According to the Associated Press, a “survey by the nonpartisan Pew Research Center says that nearly 6 in 10, or 57 percent, say the country is not better prepared for another disaster like a hurricane. Roughly equal numbers of Democrats, Republicans and independents share that gloomy outlook.” Americans are pretty smart.

Actually, the U,S. is better prepared for hurricanes than it was several years ago, in part because the federal government has dedicated a lot of time and resources preparing for this kind of disaster. Even more importantly, the states that usually bear the brunt of disasters such as Texas and Florida are the among the nation’s leaders in disaster preparedness. Others, including Mississippi and Louisiana, have significantly ramped-up their game since Katrina.

Still, Americans are right to be worried. Several years ago the Department of Homeland Security established 15 disaster scenarios to guide national planning for real catastrophes. With the exception of hurricanes and pandemics, almost no real progress has been made. The White House decided to rewrite the presidential directive that governs the planning process. We’re still waiting. National disaster planning may not be at a standstill, but the amount of progress since 9/11 is shockingly inadequate.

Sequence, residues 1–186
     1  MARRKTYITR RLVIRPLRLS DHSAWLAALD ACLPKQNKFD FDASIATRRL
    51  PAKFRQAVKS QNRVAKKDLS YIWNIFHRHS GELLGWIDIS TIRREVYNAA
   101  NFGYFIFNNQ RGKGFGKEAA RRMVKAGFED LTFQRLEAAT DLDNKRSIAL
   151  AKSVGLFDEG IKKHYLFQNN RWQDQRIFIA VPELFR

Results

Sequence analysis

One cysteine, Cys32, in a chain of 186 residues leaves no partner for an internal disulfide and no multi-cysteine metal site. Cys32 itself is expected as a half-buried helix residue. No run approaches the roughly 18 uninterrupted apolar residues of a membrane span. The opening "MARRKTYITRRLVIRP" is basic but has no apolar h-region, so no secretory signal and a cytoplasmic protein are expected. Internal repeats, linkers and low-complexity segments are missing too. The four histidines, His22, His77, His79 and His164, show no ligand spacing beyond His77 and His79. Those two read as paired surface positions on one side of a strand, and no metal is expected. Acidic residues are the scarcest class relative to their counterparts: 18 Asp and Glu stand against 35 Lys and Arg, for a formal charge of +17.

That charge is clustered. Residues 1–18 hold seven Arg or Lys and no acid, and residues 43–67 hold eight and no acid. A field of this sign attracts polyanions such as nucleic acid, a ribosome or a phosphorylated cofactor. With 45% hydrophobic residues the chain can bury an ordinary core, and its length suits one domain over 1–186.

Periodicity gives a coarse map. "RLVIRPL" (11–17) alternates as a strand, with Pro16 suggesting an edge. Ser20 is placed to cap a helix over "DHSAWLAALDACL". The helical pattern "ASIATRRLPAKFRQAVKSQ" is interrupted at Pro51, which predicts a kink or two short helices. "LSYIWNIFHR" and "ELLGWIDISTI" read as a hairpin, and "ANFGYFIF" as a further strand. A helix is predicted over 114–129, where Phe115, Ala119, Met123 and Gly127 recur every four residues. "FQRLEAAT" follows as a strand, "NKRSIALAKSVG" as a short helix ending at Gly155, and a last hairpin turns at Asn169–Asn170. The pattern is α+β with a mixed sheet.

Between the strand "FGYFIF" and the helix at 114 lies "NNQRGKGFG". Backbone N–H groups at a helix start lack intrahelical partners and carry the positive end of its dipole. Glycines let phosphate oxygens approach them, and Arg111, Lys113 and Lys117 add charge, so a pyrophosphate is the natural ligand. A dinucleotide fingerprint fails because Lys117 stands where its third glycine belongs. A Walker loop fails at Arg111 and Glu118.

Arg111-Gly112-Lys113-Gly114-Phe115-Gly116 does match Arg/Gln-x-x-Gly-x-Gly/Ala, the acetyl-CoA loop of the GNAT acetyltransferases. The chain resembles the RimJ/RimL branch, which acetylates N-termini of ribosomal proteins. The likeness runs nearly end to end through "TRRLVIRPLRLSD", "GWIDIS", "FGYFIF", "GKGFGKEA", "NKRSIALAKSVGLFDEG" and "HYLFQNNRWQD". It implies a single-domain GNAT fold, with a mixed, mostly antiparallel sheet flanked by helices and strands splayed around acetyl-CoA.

And for some kinds of truly catastrophic disasters, like the threat of an EMP attack, the White House has done next to nothing.

This Administration has also revealed that it has a tough time dealing with the unexpected. We saw that in the inordinate amount of time it took to get the federal response to the Gulf oil spill organized.

To make matters worse, this White House persists in issuing FEMA declarations more and more frequently, a policy that actually encourages states to be less prepared and detracts FEMA from preparing for really true national disasters.

Finally, the Defense Department even plans to cut the number of specially trained troops that would be available for responding to WMD attacks on the homeland.

It is difficult to give the government high marks for disaster planning. No wonder the polls are so dismal.